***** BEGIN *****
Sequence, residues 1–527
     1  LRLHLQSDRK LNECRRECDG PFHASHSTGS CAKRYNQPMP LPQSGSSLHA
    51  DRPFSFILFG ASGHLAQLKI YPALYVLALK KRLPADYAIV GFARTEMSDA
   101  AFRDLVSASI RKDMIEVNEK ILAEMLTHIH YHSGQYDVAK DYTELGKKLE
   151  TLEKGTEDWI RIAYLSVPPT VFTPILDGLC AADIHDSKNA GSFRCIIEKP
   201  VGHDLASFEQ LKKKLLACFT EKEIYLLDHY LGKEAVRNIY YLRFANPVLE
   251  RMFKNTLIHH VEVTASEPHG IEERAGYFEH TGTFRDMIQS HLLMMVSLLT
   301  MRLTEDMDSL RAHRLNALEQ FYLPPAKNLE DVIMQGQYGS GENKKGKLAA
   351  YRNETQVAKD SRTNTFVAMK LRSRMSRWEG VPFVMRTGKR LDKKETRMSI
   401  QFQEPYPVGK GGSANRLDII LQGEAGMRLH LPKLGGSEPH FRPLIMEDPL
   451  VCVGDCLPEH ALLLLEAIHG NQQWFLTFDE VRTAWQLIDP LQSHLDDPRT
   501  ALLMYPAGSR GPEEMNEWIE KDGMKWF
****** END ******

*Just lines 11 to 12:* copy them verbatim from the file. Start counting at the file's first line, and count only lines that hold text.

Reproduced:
   451  VCVGDCLPEH ALLLLEAIHG NQQWFLTFDE VRTAWQLIDP LQSHLDDPRT
   501  ALLMYPAGSR GPEEMNEWIE KDGMKWF